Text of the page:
Building a business case for BI – supporting decision-making and management processes - is different than for systems that support business processes, such as a billing systems. In the latter case, the cost of creating and sending an invoice can be calculated and the invoicing process can be designed to maximize speed and quality, while minimizing the cost. What makes BI different is that it is harder to relate the benefits to the cost. Having the right information is only one component in decision-making, the benefits come from implementing that decision, not the decision-making process itself.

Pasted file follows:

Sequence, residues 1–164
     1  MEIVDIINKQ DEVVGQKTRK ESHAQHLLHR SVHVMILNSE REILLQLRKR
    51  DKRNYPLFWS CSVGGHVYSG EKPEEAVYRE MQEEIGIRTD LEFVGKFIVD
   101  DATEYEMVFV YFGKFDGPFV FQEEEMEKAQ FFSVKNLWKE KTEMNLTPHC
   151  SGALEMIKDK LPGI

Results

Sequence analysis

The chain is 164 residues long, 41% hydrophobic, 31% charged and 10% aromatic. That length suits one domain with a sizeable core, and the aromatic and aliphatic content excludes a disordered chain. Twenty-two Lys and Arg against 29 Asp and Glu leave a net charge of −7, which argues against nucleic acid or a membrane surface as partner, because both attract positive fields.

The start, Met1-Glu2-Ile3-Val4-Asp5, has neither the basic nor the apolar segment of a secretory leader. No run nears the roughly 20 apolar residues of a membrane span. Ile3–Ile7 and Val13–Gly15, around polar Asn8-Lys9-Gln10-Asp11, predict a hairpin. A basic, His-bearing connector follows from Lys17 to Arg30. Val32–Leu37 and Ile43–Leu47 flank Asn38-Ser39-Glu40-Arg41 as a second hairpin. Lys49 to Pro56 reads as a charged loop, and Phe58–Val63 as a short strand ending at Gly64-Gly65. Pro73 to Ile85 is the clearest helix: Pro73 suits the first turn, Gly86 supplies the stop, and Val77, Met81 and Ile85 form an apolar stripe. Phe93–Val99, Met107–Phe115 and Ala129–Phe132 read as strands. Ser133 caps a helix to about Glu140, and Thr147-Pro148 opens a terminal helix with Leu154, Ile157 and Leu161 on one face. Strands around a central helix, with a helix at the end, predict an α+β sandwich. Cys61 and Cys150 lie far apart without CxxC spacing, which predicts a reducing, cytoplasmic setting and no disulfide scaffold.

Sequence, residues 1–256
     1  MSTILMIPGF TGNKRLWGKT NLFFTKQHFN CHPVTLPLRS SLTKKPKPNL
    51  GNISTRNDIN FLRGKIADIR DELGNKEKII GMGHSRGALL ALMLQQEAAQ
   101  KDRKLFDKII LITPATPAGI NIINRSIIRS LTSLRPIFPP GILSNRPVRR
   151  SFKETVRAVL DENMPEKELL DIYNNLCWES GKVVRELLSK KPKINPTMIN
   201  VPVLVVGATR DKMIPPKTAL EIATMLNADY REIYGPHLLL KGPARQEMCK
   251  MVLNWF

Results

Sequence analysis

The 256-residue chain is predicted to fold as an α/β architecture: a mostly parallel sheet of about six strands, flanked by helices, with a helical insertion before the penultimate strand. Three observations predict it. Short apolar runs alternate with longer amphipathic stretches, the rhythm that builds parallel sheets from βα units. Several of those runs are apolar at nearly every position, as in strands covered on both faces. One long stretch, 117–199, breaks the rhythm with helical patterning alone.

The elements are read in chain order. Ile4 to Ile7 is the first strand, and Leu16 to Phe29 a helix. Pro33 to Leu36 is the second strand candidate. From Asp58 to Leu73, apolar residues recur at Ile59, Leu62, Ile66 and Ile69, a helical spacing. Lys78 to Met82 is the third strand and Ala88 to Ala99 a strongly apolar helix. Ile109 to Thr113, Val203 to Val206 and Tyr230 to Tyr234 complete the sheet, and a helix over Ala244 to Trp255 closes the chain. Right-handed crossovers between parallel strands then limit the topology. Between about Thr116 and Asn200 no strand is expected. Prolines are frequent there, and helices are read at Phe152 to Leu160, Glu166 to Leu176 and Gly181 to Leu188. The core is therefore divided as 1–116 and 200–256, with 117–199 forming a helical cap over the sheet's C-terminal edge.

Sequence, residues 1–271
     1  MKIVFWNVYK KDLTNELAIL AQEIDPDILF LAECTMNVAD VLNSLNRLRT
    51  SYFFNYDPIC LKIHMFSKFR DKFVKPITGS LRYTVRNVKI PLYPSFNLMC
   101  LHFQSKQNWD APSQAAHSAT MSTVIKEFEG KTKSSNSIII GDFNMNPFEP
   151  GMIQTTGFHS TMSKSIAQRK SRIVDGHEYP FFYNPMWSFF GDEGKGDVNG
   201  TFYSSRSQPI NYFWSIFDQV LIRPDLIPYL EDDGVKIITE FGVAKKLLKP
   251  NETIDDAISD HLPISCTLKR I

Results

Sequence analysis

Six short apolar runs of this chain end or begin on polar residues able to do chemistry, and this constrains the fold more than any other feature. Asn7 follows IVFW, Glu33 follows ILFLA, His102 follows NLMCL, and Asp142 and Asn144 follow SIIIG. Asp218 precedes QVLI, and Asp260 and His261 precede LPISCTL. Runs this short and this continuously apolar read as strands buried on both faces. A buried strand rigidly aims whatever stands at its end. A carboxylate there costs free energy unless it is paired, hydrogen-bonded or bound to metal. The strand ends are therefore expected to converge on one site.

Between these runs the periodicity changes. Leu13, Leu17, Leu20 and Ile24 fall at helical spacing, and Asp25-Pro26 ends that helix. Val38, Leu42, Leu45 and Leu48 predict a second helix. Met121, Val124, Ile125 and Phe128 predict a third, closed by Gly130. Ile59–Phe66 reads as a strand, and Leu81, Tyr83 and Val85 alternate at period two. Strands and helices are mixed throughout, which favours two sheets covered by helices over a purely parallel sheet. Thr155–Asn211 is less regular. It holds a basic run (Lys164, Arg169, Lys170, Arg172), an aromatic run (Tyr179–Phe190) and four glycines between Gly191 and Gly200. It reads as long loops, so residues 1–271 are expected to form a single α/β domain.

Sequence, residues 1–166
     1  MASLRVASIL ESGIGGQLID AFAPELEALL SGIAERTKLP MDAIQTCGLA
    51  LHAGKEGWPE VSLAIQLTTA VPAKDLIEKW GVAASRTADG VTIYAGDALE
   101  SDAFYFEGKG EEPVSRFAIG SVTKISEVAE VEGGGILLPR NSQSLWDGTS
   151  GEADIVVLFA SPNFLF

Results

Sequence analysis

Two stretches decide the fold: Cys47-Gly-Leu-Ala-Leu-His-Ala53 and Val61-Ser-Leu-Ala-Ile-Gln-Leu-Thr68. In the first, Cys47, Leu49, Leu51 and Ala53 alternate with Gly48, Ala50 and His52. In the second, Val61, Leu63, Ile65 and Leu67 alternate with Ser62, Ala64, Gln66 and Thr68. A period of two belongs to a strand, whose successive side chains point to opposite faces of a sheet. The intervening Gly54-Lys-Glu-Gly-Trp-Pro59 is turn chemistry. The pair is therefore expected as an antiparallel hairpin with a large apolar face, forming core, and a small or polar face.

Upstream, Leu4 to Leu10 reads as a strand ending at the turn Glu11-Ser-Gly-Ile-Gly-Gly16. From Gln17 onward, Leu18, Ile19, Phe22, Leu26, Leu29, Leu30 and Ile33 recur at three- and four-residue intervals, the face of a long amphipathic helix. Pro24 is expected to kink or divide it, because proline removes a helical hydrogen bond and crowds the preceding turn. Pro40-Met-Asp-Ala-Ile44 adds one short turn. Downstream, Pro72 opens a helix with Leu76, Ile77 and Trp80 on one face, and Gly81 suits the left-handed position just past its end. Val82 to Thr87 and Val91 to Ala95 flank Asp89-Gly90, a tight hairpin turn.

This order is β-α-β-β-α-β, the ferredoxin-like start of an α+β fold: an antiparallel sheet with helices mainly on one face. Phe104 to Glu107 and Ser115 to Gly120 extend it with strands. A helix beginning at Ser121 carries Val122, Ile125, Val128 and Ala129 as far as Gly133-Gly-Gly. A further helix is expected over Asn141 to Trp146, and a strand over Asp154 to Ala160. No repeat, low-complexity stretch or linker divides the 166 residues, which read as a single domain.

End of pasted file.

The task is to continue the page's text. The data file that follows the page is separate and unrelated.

An Oracle Thought Leadership White Paper August 2009 BI Optimization: Building A Better Business Case for Business Intelligence Untitled DocumentBI Optimization: Building A Better Business Case for Business Intelligence Introduction ....................................................................................... 2 Ambition ............................................................................................ 3 The Five Layers of the BI Business Case .......................................... 6 The BI Business Case Matrix ............................................................ 9 BI Optimization ................................................................................ 11 How Oracle Can Help ...................................................................... 18 Untitled DocumentBI Optimization: Building A Better Business Case for Business Intelligence 2 Introduction Business Intelligence helps you make better decisions . This is how the business value of BI (business intelligence) is often described. No wonder building the business case for BI is elusive. How do you measure the effect of better decisions? How do you determine the quality of a decision to start with? Even if you could tell you would have taken a different decision without BI providing you the necessary information, or with different information, there s no predicting how other decisions would ve played out, leading to different business results. It is no wonder that the subject of how to build a business case emerges every so often. It was a hot topic for organizations introducing BI in targeted places, it became a hot topic when organizations were thinking of a broader BI strategy, and now it is a crucial step for organizations looking to optimize the often fragmented BI that they have. Building a business case for BI supporting decision-making and management processes - is different than for systems that support business processes, such as a billing systems. In the latter case, the cost of creating and sending an invoice can be calculated and the invoicing process can be designed to maximize speed and quality, while minimizing the cost. What makes BI different is that it is harder to relate the benefits to the cost. Having the right information is only one component in decision-making, the benefits come from implementing that decision, not the decision-making process itself. This has been known and accepted for many years, yet with BI having become not only a mainstream topic but a strategic topic in both business and IT, the lack of a decent business case is increasingly unacceptable. As justified and noble a cause better decision-making is, faith is not a business case. Certainly not for a topic as high up the CIO agenda as BI. In this paper we describe how to build a better business case for BI, by understanding the level of ambition organizations can have, and the layers in the business case that should contribute to that level of ambition. We ll highlight two crucial elements that are part of most BI business cases today, the BI competency center and BI tool standardization as examples of how firms are optimizing their BI. Untitled DocumentBI Optimization: Building A Better Business Case for Business Intelligence 3 Ambition One of the most important reasons why BI projects fail or any other type of project for that matter is a lack of alignment between what the various stakeholders are looking for. The finance department may simply want a more efficient way to create the monthly management report, while the marketing department recognizes an entirely new way of doing business by sharing information with customers, thus improving the bottom-line. At the same time, IT may have the idea that a proper data warehouse architecture may service the many uncovered needs across the business1. All may use the same words: improve and optimize the BI, but mean something entirely different. If IT takes a too broad a view, setting up a complete infrastructure, while the business is looking for some efficiencies in the current reporting process, the business case will never look good. Conversely, when the business takes a strategic approach, while IT responds with looking for a fancy reporting tool, the business case has no change of succeeding. In short, every good business case starts with a common understanding of the level of ambition the organization chooses to have. There are three levels of ambition, as depicted in figure 1. Efficiency Many business cases are focused on improving efficiency. This means improving a current situation, that is often characterized by fragmentation of information and multiple disparate tools in use, including countless personal spreadsheets. The cost of BI, particularly when BI is 1 In this context, business/IT alignment is a term that is often referred to. This is correct from an IT perspective, where IT is seen as the center of the initiative. Equally important, as the example shows here, is business/business alignment, where the different lines of business (LOB) have the same understanding, to prevent fragmented silo solutions per LOB. Untitled DocumentBI Optimization: Building A Better Business Case for Business Intelligence 4 seen as the tactical discipline to create periodic management reporting, is often out of control. Efficiency-based business cases focus on lowering the Total Cost of Ownership (TCO) of the current BI environment, by standardizing on a single BI platform. Next to saving cost, improving the quality and speed of the current processes to create management reporting is important. Efficiency-based business cases can very well be driven by the IT department. Benefits quantification in this realm often focuses on time savings in developing reports and validating data, reduced number of toolsets and maintenance/integration costs, time savings in managing report security, etc. Effectiveness Other business cases have a higher level of ambition: become more effective. This means figuring out how to do better things. Think of embedding BI in business processes, to increase conversion rate in marketing, cross-sell opportunities in the call center, fraud detection, a better matching of available human resources and internal job opportunities, etc. Or think of better management processes, such as replacing an annual financial static budget with a monthly rolling forecast, an integration between the planning and the reporting process where both are based on the same performance indicators, or the introduction of a methodology such as the balanced scorecard, or changing the focus of the management reporting to include stakeholder performance indicators. All of these examples lead to new processes, new ways of working, and new insights. Without BI these things would not be possible within the current business processes. A successful BI initiative improving effectiveness, requires the initiative being driven by the business, as they own the new business and management processes. Benefits quantification in this realm is often additive to the benefits of transactional applications increased marketing or selling effectiveness, improved customer retention, reduced receivables or bad debt expense, etc. Transformation BI initiatives can also be transformational, for instance enabling new business models. Insights driven by BI can drive a completely new customer segmentation, with different service models to support each of those segments. Or BI can be used to back up a new pricing model, based on product or service components that customers can configure themselves on the web when ordering the product. Think of a consumer being able to construct their personal general insurance, and get a tailor-made offering and price based on the selected coverage and socio-demographic indicators. Some organizations take it even further. They see BI as a business itself. They provide BI to their customers, offering relevant information as part of the service. BI becomes a competitive differentiator. Or they start collecting information about the complete value chain, instead of just internal information, to dramatically improve alignment, and eliminate expensive inventory. Not all innovation has to come from products and services, a process can Untitled DocumentBI Optimization: Building A Better Business Case for Business Intelligence 5 be innovative as well. For transformational business cases to succeed, IT and the business need to be totally aligned, as in many of these cases, IT has become the business driver itself. Benefits quantification in this realm may focus on faster time to market (and its associated value), reduced inventory, increased market share, improved P/E ratio, etc. As figure 1 suggests, it is best if the levels of ambition build on top of each other. It is hard to create a sustainable business case aimed at effectiveness or transformation, if there is no basic level of efficiency. Any inefficient situation drains time and capital to be invested in the initiative. It's an attractive idea to see these categories - efficiency, effectiveness and transformation - as a roadmap or maturity model per se. Efficiency is the starting point, transformation the pinnacle in maturity. Although transformation cannot be achieved in an inefficient environment, the levels of ambition are meant to be equal. The point of the levels of ambition is that all involved agree on what should be achieved. And if those goals are reached, another level of ambition can be chosen. This can be a higher level of ambition, but also a lower level again, to revisit efficiency as a 'spring cleanup' after a jump forward in effectiveness. BI is a continuous journey. Untitled DocumentBI Optimization: Building A Better Business Case for Business Intelligence 6 The Five Layers of the BI Business Case There is return on investment in BI, if you know how to bring together both cost and benefit. The five layers of the BI business case are designed to do so, regardless of the level of ambition you choose to have. Figure 2 outlines these layers. Figure 2: The Five Layers of the BI Business Case The framework connects costs and benefits based on the premise that, starting at the bottom of the framework, the most important objective of each layer is to enable the next one. A data warehouse is worth nothing if it is not being used to the max. And it is not possible to build a business case other than efficiency if you don t link BI to operational and management processes, and subsequently to the business strategy. By using this approach, it becomes possible to even link infrastructure to the business strategy. Data and infrastructure On the bottom layer of the framework, we include everything related to the data warehouse, data integration and other forms of relevant middleware. It is important to separate infrastructure as a separate layer, as data integration and the data warehouse are used broader than supporting BI alone, in closed-loop architectures they also serve transactional purposes. In general it is safe to Untitled DocumentBI Optimization: Building A Better Business Case for Business Intelligence 7 say that the infrastructure itself does not have a return on investment2. (are U sure??:)) Infrastructures only enable a certain use, like a local area network (LAN) enables email, file sharing and other efficiencies. No organization has calculated the ROI of its LAN! A data warehouse and data integration is no different, it doesn t make sense to try and calculate the ROI. The most important goal of the data warehouse is to enable it s use. In the case of BI, making sure the BI tools and Performance Management Applications can do their work. Business Intelligence Foundation and Performance Management Applications Given the fragmentation in many large organizations there is return on investment in minimizing the number of different and disparate BI tools and applications. As needed as this is, there is a higher purpose, and this is to present a single version of the truth, so that it becomes possible to create a plan based on the same performance indicators as the management reports use for reporting the actuals. Or alternatively, to present a management process that flows through management processes such as gain-to-sustain, investigate-to-invest, design-to-decide, plan-to-act, analyze-to-adjust and record-to-report in a seamless manner3. In essence, this enables the next layer: users having access to the right information, supporting a smooth-flowing management process. Use, Governance, BICC To make sure the process of using BI is organized, organizations that have been successful with BI often have a BICC (business intelligence competence center) in place, governing BI throughout the enterprise4. An increasing amount of organizations are adopting these best practice principles. The goal of this layer is to enable the next one: operational and management processes. Management and Operational Processes Information needs to be put to use. Traditionally, BI has focused on the management processes on a daily, weekly, monthly and for some information even on an annual basis. Increasingly 2 The only return on investment to be found here is saving money by replacing an older environment with a higher TCO. Seldom is this enough to justify the investment. And if an ROI is shown, chances are the TCO of the old situation are so out of control, that the business case should be based on reaching a base-level situation even before thinking of efficiency or any other business case. 3 See Oracle White Paper Management Excellence: How Tomorrow s Leaders Will Get Ahead , www.oracle.com/epm 4 Journal of Management Excellence, Issue #2, Organizing for Management Excellence , www.oracle.com/epm Untitled DocumentBI Optimization: Building A Better Business Case for Business Intelligence 8 operational processes are supported as well in real time, embedding BI components in transactional systems, providing the system or the users with a better context to successfully complete the process. Think of supplying the call center agent with cross-sell opportunities, or helping a temp agency matching supply and demand of personnel in a more intelligent way. The success of each business and management process can be measured using specific key performance indicators5. This contributes to the top and bottom-line, but also enable the top layer of the framework: the business strategy. Business Strategy Business and management processes serve a purpose: allowing the organization to reach its business goals. Organizations can have different business strategies, such as operational excellence to achieve cost leadership, or customer intimacy or product innovation to distinguish itself from the competition in other ways. Through management reporting, traditionally BI provides the information to which extent the organization is successful in reaching those strategic goals. But as the framework shows, BI does something much more important as well: enabling the other layers to do what they should do: making the corporate strategy a success. Regardless of the level of ambition, there always needs to be a set of external metrics or benchmarks to substantiate the potential. Examples for each level of ambition were given earlier in the paper. Ultimately, a business case boils down to financial impact. Possible metrics could include return on investment (ROI), internal rate of return (IRR), net present value (NPV), total cost of ownership (TCO) and payback time. 5 See Oracle White Paper Management Excellence: The Metrics Reloaded , www.oracle.com/epm Untitled DocumentBI Optimization: Building A Better Business Case for Business Intelligence 9 The BI Business Case Matrix Putting together a strong business case requires alignment on these five layers, to avoid suboptimization and a silo-approach. It is not possible to be successful with a transformative initiative, or a business case built on effectiveness, without at least a sufficiently efficient basis. For example, it is not realistic to expect transformational business results from a data warehouse infrastructure that is built to simply enable an efficient information supply. Conversely, putting together a next generation data warehouse and a complete BICC to simply generate some management reports is overkill. This is why the levels of ambition and the layers in the business case should be combined. Figure 3 shows the layers from top to bottom, the levels of ambition from left to right. The cells in the table indicate a sample activity to address in putting together the business case. EFFICIENCY EFFECTIVENESS TRANSFORMATIONAL Business Strategy Operational Excellence Management Excellence New business models Process Saving cost, increasing speed, improving quality Creating a smart, agile and aligned organization New business processes, value chain integration Use and Governance BICC to centralize tool support BICC to creating and share knowledge within the organization Extended BICC, creating and sharing knowledge through the value chain BI Tools and PM Applications Tool standardization Adding new functionality Converge with business process management, business applications, middleware Data and infrastructure Focus on TCO Focus on flexibility Bring in a Service-Oriented Architecture Figure 3: The BI Business Case Matrix In an efficiency based business case, the infrastructure should be aimed at minimizing TCO. BI tools should be standardized on a single one, again to save cost. The BI organization is focused on centralization, and mostly provides support. The purpose of BI is to identify cost saving initiatives, ways of improving the quality of current processes and speeding up existing processes. Most likely this supports the organization s core strategy of being operationally excellent . Untitled DocumentBI Optimization: Building A Better Business Case for Business Intelligence 10 Business cases aimed at effectiveness should be supported by a flexible infrastructure, that supports used that are not even known yet. When choosing BI tools, you should focus on functionality the organization doesn t possess yet, such as specific analytics to improve insight. The organization around BI, the BICC, is aimed at identifying best practices across the organization, and sharing those with others, so that different parts of the organization learn from each other. The focus is on making processes smart (picking up new signals), agile (easy to change a process) and aligned (connecting processes to other processes). The associated business strategy is called management excellence . Transformational business cases aim at creating a new generation infrastructure, most likely SOA based. The BI tools involved should be evaluated based on their convergence with other software areas, such as business process management, integration with business applications such as ERP and CRM, and middleware. The BICC starts to extend itself even outside the enterprise, it becomes the spider in the web for the complete value chain. BI supports new business processes, such as new customer contact channels, collaborative business processes (sourcing, co-innovation), or transforming existing business processes to e.g. customer self-service. This approach fits to new and innovative business models that are being set up. Although technology and business trends come and go and therefore the content of the matrix changes over the years the levels of ambition and the layers of the framework stay the same. Charles Schwab is a leading provider of financial services, with 1.1 trillion in total client assets and over 5 billion in revenue. It deployed Siebel Analytics to 1,200 users in 10 weeks, and has now expanded it to 1,700 financial consultants. The initiative saved 2,400 hours of unproductive work per week, and 5-9% of analytics-driven sales alerts led to new opportunities. "With Oracle Business Intelligence for Siebel Sales, we now have 1,700 financial consultants equipped with right-time visibility into their sales pipeline and performance. We are no longer looking at our Investor Services business through a rear-view mirror. -- KG Muthukumar, Director, CRM and Analytics Solutions Using Oracle BI, car manufacturer Fiat Group extended the geographic perimeter of those countries analyzed in the greatest detail, from five to 32. It provides management with figures on new registrations released by government authorities in the countries monitored. Made more detailed analyses of the company s and competitors sales available broken down not only by model but by sales channel, fuel type, chassis type, etc. We ve gone from a data-pull mode to an information-push mode. Roberto Catto, Manager, Business Intelligence Competence Center, Fiat Group Automobiles LinkShare is a leading provider of full-service online marketing solutions. Using Oracle BI, it delivers intelligence to 1 million merchants and affiliates about their performance-based marketing and business initiatives (e.g., ROI). Merchants & affiliates use dashboards to view transaction histories, commission payments as well as other key metrics. This allows them to understand what ads are successful, and where to run them. The initiative doesn't only provide traditional internal management information, but enables LinkShare clients to optimize their performance and thus maximize the revenues of affiliates, merchants, and LinkShare. BI has become a part of the customer value proposition. Untitled DocumentBI Optimization: Building A Better Business Case for Business Intelligence 11 Two trends particularly stand out today, that dominate firms efforts to optimize their BI. One is tool standardization, the other is introducing a BI competency center. BI Optimization In different phases of its life-cycle, BI requires a different business case. The first wave of business cases were about introducing BI for a specific purpose. In many cases the benefits were deemed intangible. How could you know, if the topic is new to you? The second wave of BI involved rolling the concept out on a broader sometimes even enterprise-wide scale. Most business cases were fairly tactical of nature, focusing on addressing a single specific business problem. Today many organizations go through the third wave of the BI business case: BI Optimization. Many small projects, each using their own approach and in many cases their own technology, each may have reached a nice result, but at the cost of an overall very high total cost of ownership (TCO), and therewith a suboptimal return on investment (ROI). Two trends are dominant in this optimization wave: BI tool standardization and establishing a BI competency center (BICC). BI Tool Standardization In most organizations, there is no shortage of BI. In fact, the opposite is the case. Due to decentralized IT budgets, high growth in a good economy, and many mergers and acquisitions, many parts of the organization ended up with their own BI tools, their own definitions and their own management processes. Although perhaps each of these initiatives have a certain degree of success, the total result is one of fragmentation, high cost and low flexibility. BI tool consolidation has been an important driver for BI growth for the last 4 years. In 2005 TDWI (The Data Warehousing Institute) published a revealing study that showed that on average large organizations have 3 different production reporting tools, 2 different dashboard applications, 3 different OLAP tools, 2 Query and Reporting tools, 1.5 planning and modelling tools and 1.5 data mining tools. The chance to get consistent information out of such a tool landscape is close to zero. A more recent survey, 2008, by Forrester showed a slightly better result, but more than 40% of organizations still use 3-5 different BI tools, and more than 20% of organizations run 6 or more different BI tools. Untitled DocumentBI Optimization: Building A Better Business Case for Business Intelligence 12 There are significant benefits to BI tool standardization, according to a recent TDWI study6. Companies that have a predominant BI standard reported a higher success rate and lower failure rate than companies that have not standardized, as shown by figure 4. Figure 4: Tool standardization and BI Success There are different business cases to be made for BI tool standardization, ranging from tactical to more strategic. In the figure 5 different examples are plotted, arranged from low to high impact, and from IT to business driven. 6 Intelligent Enterprise, Cindi Howson, January 26, 2009 TDWI Study Untitled DocumentBI Optimization: Building A Better Business Case for Business Intelligence 13 Figure 5: Business cases for tool standardization. These business cases are: " Low impact, IT driven: development efficiency. If you have an integrated BI enviornment, you can train everyone in the same tool. With the shortage of skills, there is more efficient IT resource allocation " There are also more general cost savings. A better negotiation position with the vendor, lower TCO because of better maintenance " Higher impact comes from improving scalability. If everyone can work of the same definitions and data, just in different ways there is no need for redundant storage. If you can use, within the same toolset, the right capabilities, the use of a single toolset is much more effective. For large deployments for casual users you can use just production reporting (instead of a complete BI toolset), for highly interactive use for knowledge workers the ad-hoc query capabilities (instead of another complete BI toolset) " The biggest value add, however, is to create one version of the truth. This improves transparency, accountability, decisiveness, confidence and business performance. Untitled DocumentBI Optimization: Building A Better Business Case for Business Intelligence 14 BI Competency Center The treasury department manages the capital of the organization, the warehouse the raw materials, HR manages the human capital, even the buildings are managed by facilities. But who coordinates the management information? That s the task of the BI competency center (BICC). A Business Intelligence Competence Center (BICC) is an organizational entity that groups interrelated skills, experience, and domain expertise together to promote and deliver BI through a consistent set of skills, standards, and best practices. It delivers repeatable, successful deployments in a way that is beneficial to the entire organization rather than just a single project. Companies that are highly successful with BI, usually have such a competency center driving that success. The success of the BICC will be largely determined by the quality of its people. To serve its target customers effectively, the center needs to acquire a wide range of business, IT, and analytical skills from various parts of the organization. It will seek some of the most talented and sought-after individuals in the company, so a clear mandate and tactful negotiating abilities are important to the recruiting process. Outside experts can provide on-the-job training to fill any internal gaps. Figure 6 shows an overview of the needed skills. 7 Ventana Research, Ingersoll Rand case study Ingersoll Rand Co. has a history of more than 100 years of industrial production and services, of growth and diversification. Today it is a global company with approximately 60,000 employees and some 100 manufacturing facilities around the world. But this diversification also has created duplications and incompatibilities in information systems across the sectors. Directly after standardizing its ERP systems on Oracle, as its next step, the company decided to apply the concept of standardizing through best practices to put tools and systems in place for business intelligence (BI), analytics and reporting. Taking an enterprise-wide approach means Ingersoll Rand can develop standards based on proven best practices and deploy implementations rapidly to business units. BI standardization provides a consistent framework for all reporting and also the capability to consolidate information not just from the strategic platforms but also from our legacy platforms. It also will provide an impetus for the company to migrate from siloed data repositories that impede reporting and decision-making and that it doesn t wish to continue investing in7. "BI becomes a one-stop shop for a common platform, how you get the information you want and also how you report it ." Michael Siebert, global director of integration, reporting and analytics, Ingersoll Rand Co. Untitled DocumentBI Optimization: Building A Better Business Case for Business Intelligence 15 Figure 6: Skills in the BICC Organizations should centralize the BI skills they have into a BI competency center, as the BI skills are too scarce, too valuable and too expensive to leave them scattered throughout the enterprise. Enterprises need to realize that it is by leveraging the skills of the BI staff on a strategic level that they can retain these skills and attract new skills from the market. The BI competency center has multiple tasks: " guide the users in self service with regard to repetitive BI tasks (such as management reporting and recurring simple analysis); " do the ad-hoc and difficult analyses themselves (until they become repetitive); " make sure the wheel is not invented over and over, by overseeing the BI initiatives throughout the enterprise. Untitled DocumentBI Optimization: Building A Better Business Case for Business Intelligence 16 On each level of ambition the BICC has certain benefits9. On the efficiency level, you should aim for the following benefits: " Control costs: A BICC reduces costs by acting as a central source of BI optimization expertise and ensuring that skills and processes developed for one project can be applied to the next. " Consolidate infrastructure: When the BICC features a test lab for research, proof of concept, prototyping, and advanced training, these tools become accessible to all project teams, eliminating the need to duplicate scarce and expensive resources. " Standardize the IT infrastructure: By endorsing specific solutions, the center can discourage the use of alternate tools, ensuring consistent, cost-effective, and fast implementations of the right systems and processes. " Unify business data: A BICC brings order to data by aligning different projects that use similar information and eliminating the problem of fragmented data infrastructure, which can prevent organizations from monitoring enterprise performance. " Establish an enterprise-wide framework: With a proven model for deploying BI applications, the company can accelerate future development initiatives, resulting in lower costs, improved delivery times, and more effective implementations. For initiatives aimed at improving the organization s effectiveness, you should plan for: " Share knowledge: By consolidating expertise and documenting best practices, the center facilitates knowledge sharing. It can create reusable assets and build competencies that extract maximum value from the organization s BI investment. " Centralize performance management: a BICC provides the entire enterprise with a central platform for managing performance, creating visibility into key indicators, and aligning the application with business objectives. 8 Based on the Journal of Management Excellence, Issue 2, Organizing for Management Excellence 9 Based on the Journal of Management Excellence, Issue 2, Organizing for Management Excellence A good example of a BICC comes from Telecom Italia Mobile8. They have a Business Intelligence Center of Excellence since 1998, this shows the idea of a BICC is really not new or fancy or fashionable. It has proven its value many times. For instance, when TIM was faced with new privacy regulations. Obviously this has an enormous impact across the business, and the BICE has successfully coordinated this in less than 6 months. TIM s BICC is responsible for the BI strategy. It drives new initiatives and makes sure that existing initiatives are coordinated as well. Communicate best practices throughout organization through knowledge transfer, enhance analytical skills of users. Untitled DocumentBI Optimization: Building A Better Business Case for Business Intelligence 17 " Strengthen compliance: By promoting best practices for BI, the BICC may ensure ready access to data required for complying with government regulations, such as Sarbanes Oxley, Basel II, and HIPAA. Lastly, the BICC has a role in transformational initiatives: " Manage information to gain a competitive advantage: By enabling a company to share relevant information with customers, the BICC strengthens customer relationships while creating a more customer-centric organization. By sharing information with key suppliers and business partners, the BICC promotes value chain integration, enhancing operational excellence and enabling new sources of innovation. Untitled DocumentBI Optimization: Building A Better Business Case for Business Intelligence 18 How Oracle Can Help Oracle BI delivers to business cases, whether they are based on efficiency, effectiveness or transformation. Oracle offers a single solution, from Storage to Scorecard. Oracle offers preconfigured BI applications, that map against multiple business applications, drastically shortening implementation time, and lowering TCO. The capabilities are user self-service, saving significant on IT TCO, and creating scalability. One version of the truth, consistent definitions, are enabled through the common metadata model. Oracle s products and product development efforts in middleware, data quality and integration tools, ETL, MDM, etc..can be used to provide you a technical foundation that will enable you to move seamlessly along the BI maturity model steps and move from siloed, departmental projects to a true, transformational enterprise BI approach. Oracle also has expertise in building and delivering business cases for customers through its Insight program and Oracle Consulting. As a recognized leader in the BI Market, Oracle can bring its global expertise and experience to advise on BI. Oracle's dedicated BI sales and services teams, along with an extensive ecosystem of partners, value added resellers and system integrators, can consult with and advice along any phase in your BI initiatives. More Reading " Ventana Case Study, Making One from Many: Standardized BI and best practices help Ingersoll Rand become a single global entity " Oracle s Journal of Management Excellence, Issues # 4 and 5 " An Enterprise Framework for Business Intelligence, Colin White, BI Research, 2009 " Lead with Intelligence, David Baum, Oracle Magazine, July/August 2009 " BI Belt Tightening in a Tough Economic Climate, Boris Evelson, Forrester, 2009 " TDWI s Best of Business Intelligence: 2008 in Review; Volume 6. " Business Intelligence: Putting Enterprise Data to Work, Economist Intelligence Unit, October 2007 " SWOT: Oracle Business Intelligence Platfom, James Richardson & Dan Sommer, Gartner, June 26, 2009 , Note G00168111 The Oracle Insight program was created to bring Oracle s deep industry experience, technical skills, and extensive knowledge of business and IT issues directly to customers in a one-on-one collaborative setting. Through Oracle Insight, Oracle helps customers identify the critical objectives and challenges for their unique business needs and understand how technology can address them. For more information, visit oracle.com/services/insight. Untitled DocumentBI Optimization: Building A Better Business Case for Business Intelligence 19 More information: http://www.oracle.com/solutions/business_intelligence/index.htmlUntitled Document BI Optimization: Building A Better Business Case for BI August 2009 Author: Frank Buytendijk, David Landry Oracle Corporation World Headquarters 500 Oracle Parkway Redwood Shores, CA 94065 U.S.A. Worldwide Inquiries: Phone: +1.650.506.7000 Fax: +1.650.506.7200 oracle.com Copyright 2009, Oracle and/or its affiliates. All rights reserved. This document is provided for information purposes only and the contents hereof are subject to change without notice. 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